The A to Z of construction law Our instant course in legal concepts continues with some advice on how to protect your design ideas and what to do if defects come to light on your building
C is for ‘copyright’
It seems no contract is complete without a copyright clause or, more accurately, without protracted negotiations over the terms of the copyright clause. The irony is that there is every chance that it has been lifted from someone else’s document in flagrant breach of copyright. So, how does copyright really work?
If an architect has a bright idea for the design of a building, they have just that – a bright idea. However, the moment the bright idea is recorded by, say, drawing it, it is automatically protected by copyright laws, without needing any official registration.
If the architect is a budding junior in the practice, the employer is the first owner of the copyright (unless there’s a contrary agreement) and the protection lasts for 70 years from the end of the calendar year in which the author dies.
As copyright owner, the architect’s practice will have certain exclusive rights, including the right to copy the drawing, although where the practice has been paid to prepare a drawing, the person footing the bill will usually have an implied licence to copy it.
Rather than rely on an implied licence, it makes sense to agree an express licence and set that out in the contract. The person getting the benefit needs it for any use in connection with the building it was drawn for. The copyright owner likes to make the licence conditional on the payment of fees, although most construction contracts already have other mechanisms for dealing with late or non-payment (such as the rights to suspend performance, terminate the engagement and add interest onto the late payment.
Copyright must not be confused with design rights, which are governed by a separate regime, that is often overlooked.
And before you copy this article to send around the office, remember that it’s protected by copyright.
D is for ‘defects’
Zero defects may be the goal, but most construction works do not attain it, so the parties to a contract should consider how to deal with mistakes in the most efficient manner.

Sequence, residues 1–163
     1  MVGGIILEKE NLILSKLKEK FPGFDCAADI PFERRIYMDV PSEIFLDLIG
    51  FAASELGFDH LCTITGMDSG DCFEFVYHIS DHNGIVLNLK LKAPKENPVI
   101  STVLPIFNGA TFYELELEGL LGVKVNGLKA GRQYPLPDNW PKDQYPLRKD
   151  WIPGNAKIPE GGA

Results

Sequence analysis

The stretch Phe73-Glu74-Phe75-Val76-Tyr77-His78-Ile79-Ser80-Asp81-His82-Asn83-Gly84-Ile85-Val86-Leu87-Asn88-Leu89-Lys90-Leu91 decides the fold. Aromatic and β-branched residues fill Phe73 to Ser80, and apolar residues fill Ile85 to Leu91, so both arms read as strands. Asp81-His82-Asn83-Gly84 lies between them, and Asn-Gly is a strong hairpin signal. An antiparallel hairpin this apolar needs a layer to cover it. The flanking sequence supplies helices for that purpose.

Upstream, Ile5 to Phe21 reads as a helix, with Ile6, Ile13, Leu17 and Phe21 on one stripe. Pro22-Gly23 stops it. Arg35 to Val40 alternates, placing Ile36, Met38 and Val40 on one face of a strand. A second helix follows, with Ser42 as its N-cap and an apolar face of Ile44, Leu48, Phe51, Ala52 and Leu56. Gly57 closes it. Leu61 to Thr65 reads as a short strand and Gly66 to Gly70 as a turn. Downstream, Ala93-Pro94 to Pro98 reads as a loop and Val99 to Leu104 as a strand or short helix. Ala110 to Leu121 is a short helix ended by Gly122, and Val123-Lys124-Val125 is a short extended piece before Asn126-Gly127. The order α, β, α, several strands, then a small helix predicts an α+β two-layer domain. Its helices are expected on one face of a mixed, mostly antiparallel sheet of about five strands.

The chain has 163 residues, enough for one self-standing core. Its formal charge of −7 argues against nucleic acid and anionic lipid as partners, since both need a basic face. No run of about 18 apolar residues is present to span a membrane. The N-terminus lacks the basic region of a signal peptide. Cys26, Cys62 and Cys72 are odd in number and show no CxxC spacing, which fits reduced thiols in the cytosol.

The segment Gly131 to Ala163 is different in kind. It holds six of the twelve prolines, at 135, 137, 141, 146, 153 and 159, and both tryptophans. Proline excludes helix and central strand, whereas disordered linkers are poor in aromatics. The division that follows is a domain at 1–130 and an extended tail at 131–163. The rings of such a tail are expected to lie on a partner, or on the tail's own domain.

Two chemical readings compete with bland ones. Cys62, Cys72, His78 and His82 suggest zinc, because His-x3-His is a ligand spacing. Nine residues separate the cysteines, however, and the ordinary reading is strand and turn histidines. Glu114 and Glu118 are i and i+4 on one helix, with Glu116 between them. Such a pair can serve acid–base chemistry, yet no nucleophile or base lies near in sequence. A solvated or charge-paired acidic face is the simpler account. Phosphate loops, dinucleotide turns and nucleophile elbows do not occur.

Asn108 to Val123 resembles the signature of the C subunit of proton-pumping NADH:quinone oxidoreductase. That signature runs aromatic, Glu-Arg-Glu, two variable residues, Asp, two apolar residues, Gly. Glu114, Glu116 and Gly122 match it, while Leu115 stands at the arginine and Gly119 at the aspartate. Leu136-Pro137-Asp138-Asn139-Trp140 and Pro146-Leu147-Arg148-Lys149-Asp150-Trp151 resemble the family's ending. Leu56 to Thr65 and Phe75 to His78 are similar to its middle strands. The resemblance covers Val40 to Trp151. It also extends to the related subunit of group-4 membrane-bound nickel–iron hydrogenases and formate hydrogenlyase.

During the course of the construction works any visible defects should be identified and dealt with as set out in the contract. Obvious or “patent” defects may stop the issue of the practical completion certificate, but these certificates will often be issued subject to the patent defects as the employer needs the building (either for its own use or to meet the obligations it has to, say, incoming tenants).
Defects that come to light after the issue of the PC certificate, but before the end of the defects liability period (sometimes known as the defects rectification period), are “latent”. Most contracts have provisions for latent defects to be put right by the contractor if so requested by the employer. Whether the contractor is asked to return often depends on the continuing commercial relationship between the employer and the contractor.
Once the defects liability period has ended, the contractor will still be liable for any latent defects that subsequently appear during the limitation period (usually 12 years from when the defective work was done), but will not have a contractual obligation to put them right; it will only be liable for damages.
Once the contractual mechanism for dealing with defects has ended, any dealings between employer and contractor about them will, ultimately, be governed by the litigation system and subject to the uncertainty of going down that route.
Increasingly, employers decide that a latent defects insurance policy (such as the ones offered by NHBC, Zurich and Premier) is needed to try and make sure that any latent defects that become patent are dealt with in a non-adversarial way. If the parties agree to deal with defects by way of an insurance policy, it may be that they have agreed to limit liability between them to what is covered under the policy.
Although construction defects will largely be a matter for the employer and the contractor to resolve in the construction contract, it is important to remember that professionals may have a duty to raise the alarm them if they spot them.
Michael Conroy Harris is a senior legal manager at Eversheds